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Title: Biodegradation of polyurethane under composting conditions
Author: Zafar, Urooj
Awarding Body: University of Manchester
Current Institution: University of Manchester
Date of Award: 2013
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Plastic are a highly durable, lightweight and low cost family of polymeric materials that form an essential and integral component of today’s world. Their continued world-wide large scale manufacture has led them to be a major component of man-made waste. A large proportion of plastic waste is directed to the landfill sites, however their low degradation rates, scarcity of landfill sites and growing water and land pollution problems require alternatives to be developed. Composting is a natural process involving aerobic decomposition of organic wastes by a mixed microbial consortium that involves thermophilic microbes during the process due to the heat generated during decomposition. In this study we investigated the biodegradation of polyurethane under composting conditions. Polyurethanes are heteropolymers with a wide range of applications in the medical, automotive, construction and domestic field and in Europe account for 7% of all plastic manufacture and have been shown to be susceptible to biodegradation, particularly by fungi. In this thesis, it was found that loss in tensile strength of >70% occurs at both mesophilic (25°C) and thermophilic (45° and 50°C) temperatures under laboratory conditions and so is susceptible to degradation at all stages of the composting process. Moreover, polyester PU buried in compost piles at a commercial composting site during the maturation phase of an in silo composting process also underwent substantial degradation. Non-culture based analysis by TRFLP, DGGE and 454 pyrosequencing revealed that the fungal communities colonising the surface of PU was substantially different from the surrounding compost indicating selection of fungi on the PU surface. Pyrosequencing revealed that under laboratory conditions, at 25°C Fusarium solani, and 45°C and 50°C, Candida ethanolica was the dominant organism recovered from the PU surface, whereas at the commercial composting site an unidentified fungal clone and Arthrographis kalrae were the dominant organisms recovered. When the microparticulate polyester PU dispersion impranil was added to compost, a substantial shift in the indigenous fungal population was observed along with an increase in fungal viable numbers, however, addition of larger solid PU had no lasting effect on the surrounding compost community. This study demonstrates that polyester PU is highly susceptible to degradation in during composting and indicates a future potential for directing PU wastes to existing commercial composting processes.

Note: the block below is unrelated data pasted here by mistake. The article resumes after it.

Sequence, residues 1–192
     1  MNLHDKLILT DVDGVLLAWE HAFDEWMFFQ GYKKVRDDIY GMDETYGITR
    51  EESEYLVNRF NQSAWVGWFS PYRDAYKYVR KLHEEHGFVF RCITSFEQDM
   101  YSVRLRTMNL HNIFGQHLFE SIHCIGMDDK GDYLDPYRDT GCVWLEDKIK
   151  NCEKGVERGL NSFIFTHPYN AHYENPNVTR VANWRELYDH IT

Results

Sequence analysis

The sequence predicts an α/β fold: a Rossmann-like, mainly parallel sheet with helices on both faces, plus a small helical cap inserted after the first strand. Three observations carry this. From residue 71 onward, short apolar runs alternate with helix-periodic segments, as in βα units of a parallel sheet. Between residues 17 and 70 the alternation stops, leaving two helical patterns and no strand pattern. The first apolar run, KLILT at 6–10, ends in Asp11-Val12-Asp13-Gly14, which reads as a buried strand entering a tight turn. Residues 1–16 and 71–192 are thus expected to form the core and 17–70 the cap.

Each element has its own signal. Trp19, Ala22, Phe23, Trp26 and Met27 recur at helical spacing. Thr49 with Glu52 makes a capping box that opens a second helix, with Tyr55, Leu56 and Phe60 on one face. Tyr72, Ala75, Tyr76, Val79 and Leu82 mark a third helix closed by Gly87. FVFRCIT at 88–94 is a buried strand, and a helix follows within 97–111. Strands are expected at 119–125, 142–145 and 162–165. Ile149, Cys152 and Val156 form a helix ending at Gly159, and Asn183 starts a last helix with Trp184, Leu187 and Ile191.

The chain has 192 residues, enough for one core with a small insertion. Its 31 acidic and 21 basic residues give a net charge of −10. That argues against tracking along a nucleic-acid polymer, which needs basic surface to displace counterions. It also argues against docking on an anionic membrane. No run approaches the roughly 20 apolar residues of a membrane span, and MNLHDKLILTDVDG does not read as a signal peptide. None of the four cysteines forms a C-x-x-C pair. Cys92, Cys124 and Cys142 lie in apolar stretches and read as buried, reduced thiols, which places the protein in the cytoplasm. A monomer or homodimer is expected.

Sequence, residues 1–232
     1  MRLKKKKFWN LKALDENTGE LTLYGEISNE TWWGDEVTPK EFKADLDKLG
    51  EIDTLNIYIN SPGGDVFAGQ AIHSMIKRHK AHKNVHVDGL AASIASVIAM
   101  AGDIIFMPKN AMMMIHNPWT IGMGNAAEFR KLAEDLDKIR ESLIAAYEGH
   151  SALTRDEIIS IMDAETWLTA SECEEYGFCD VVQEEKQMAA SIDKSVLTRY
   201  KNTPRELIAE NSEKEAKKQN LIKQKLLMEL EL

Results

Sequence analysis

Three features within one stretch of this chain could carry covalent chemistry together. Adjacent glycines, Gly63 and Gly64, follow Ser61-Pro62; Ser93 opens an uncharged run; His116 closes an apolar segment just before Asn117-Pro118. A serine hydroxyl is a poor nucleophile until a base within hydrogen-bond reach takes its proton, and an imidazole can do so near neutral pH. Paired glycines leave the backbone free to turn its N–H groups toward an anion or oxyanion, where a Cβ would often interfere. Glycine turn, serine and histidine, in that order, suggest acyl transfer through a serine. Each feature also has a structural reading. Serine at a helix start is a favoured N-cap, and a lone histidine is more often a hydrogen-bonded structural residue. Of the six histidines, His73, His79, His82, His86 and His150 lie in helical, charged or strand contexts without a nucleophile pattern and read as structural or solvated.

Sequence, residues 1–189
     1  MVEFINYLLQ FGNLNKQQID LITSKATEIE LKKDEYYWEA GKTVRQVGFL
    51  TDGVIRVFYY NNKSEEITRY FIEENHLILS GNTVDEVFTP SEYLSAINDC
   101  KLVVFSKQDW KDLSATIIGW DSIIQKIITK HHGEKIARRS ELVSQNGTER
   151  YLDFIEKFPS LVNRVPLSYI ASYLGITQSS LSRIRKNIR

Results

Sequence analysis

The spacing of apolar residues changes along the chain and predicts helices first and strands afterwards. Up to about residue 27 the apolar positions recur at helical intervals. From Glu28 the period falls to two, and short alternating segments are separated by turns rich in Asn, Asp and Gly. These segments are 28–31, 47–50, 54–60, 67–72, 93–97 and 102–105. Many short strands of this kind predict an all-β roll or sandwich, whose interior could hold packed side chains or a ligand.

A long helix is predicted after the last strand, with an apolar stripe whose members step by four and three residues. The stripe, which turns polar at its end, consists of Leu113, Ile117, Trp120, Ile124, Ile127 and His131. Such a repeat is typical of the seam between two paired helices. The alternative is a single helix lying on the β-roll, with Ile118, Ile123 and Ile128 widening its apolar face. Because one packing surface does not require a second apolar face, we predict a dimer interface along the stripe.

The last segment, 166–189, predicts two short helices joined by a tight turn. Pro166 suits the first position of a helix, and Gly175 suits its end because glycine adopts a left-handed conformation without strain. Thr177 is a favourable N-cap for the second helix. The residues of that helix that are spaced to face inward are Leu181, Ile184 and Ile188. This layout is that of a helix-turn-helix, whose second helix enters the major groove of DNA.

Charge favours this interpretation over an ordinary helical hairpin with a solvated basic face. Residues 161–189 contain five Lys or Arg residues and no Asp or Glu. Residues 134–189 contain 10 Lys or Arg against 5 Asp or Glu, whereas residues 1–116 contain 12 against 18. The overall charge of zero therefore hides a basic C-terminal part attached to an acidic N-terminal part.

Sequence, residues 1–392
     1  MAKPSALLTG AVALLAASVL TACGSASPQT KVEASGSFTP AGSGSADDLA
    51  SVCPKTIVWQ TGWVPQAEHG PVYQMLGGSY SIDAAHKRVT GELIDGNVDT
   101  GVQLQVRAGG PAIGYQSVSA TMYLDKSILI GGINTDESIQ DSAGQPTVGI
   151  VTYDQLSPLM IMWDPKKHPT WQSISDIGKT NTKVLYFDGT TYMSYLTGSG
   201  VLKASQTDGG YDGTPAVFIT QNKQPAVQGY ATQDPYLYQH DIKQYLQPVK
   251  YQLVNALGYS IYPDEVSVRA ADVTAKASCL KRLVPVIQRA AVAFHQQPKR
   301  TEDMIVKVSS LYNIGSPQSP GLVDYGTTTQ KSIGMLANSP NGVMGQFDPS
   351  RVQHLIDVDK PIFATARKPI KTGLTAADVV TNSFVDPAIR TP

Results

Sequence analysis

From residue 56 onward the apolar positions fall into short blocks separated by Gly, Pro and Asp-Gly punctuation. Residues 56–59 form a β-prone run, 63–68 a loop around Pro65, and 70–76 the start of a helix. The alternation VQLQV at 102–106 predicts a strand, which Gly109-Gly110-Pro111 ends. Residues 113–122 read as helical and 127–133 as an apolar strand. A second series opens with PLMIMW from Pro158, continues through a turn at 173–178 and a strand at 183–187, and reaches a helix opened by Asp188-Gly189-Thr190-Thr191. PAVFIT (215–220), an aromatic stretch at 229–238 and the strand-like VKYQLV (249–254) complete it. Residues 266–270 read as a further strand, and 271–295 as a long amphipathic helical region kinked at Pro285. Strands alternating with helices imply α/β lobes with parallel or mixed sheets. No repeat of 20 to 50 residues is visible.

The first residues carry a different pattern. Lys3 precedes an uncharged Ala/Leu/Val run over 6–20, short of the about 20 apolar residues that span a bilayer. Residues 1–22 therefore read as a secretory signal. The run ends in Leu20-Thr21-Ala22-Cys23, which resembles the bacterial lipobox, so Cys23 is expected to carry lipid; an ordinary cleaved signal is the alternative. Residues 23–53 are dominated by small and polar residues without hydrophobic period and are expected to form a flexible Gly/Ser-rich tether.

Supervisor: Robson, Geoffrey; Cavet, Jennifer Sponsor: Higher Education Commission, University of Karachi, Pakistan
Qualification Name: Thesis (Ph.D.) Qualification Level: Doctoral
EThOS ID:  DOI: Not available
Keywords: polyurethane ; composting ; fungi ; biodegradation ; thermophilic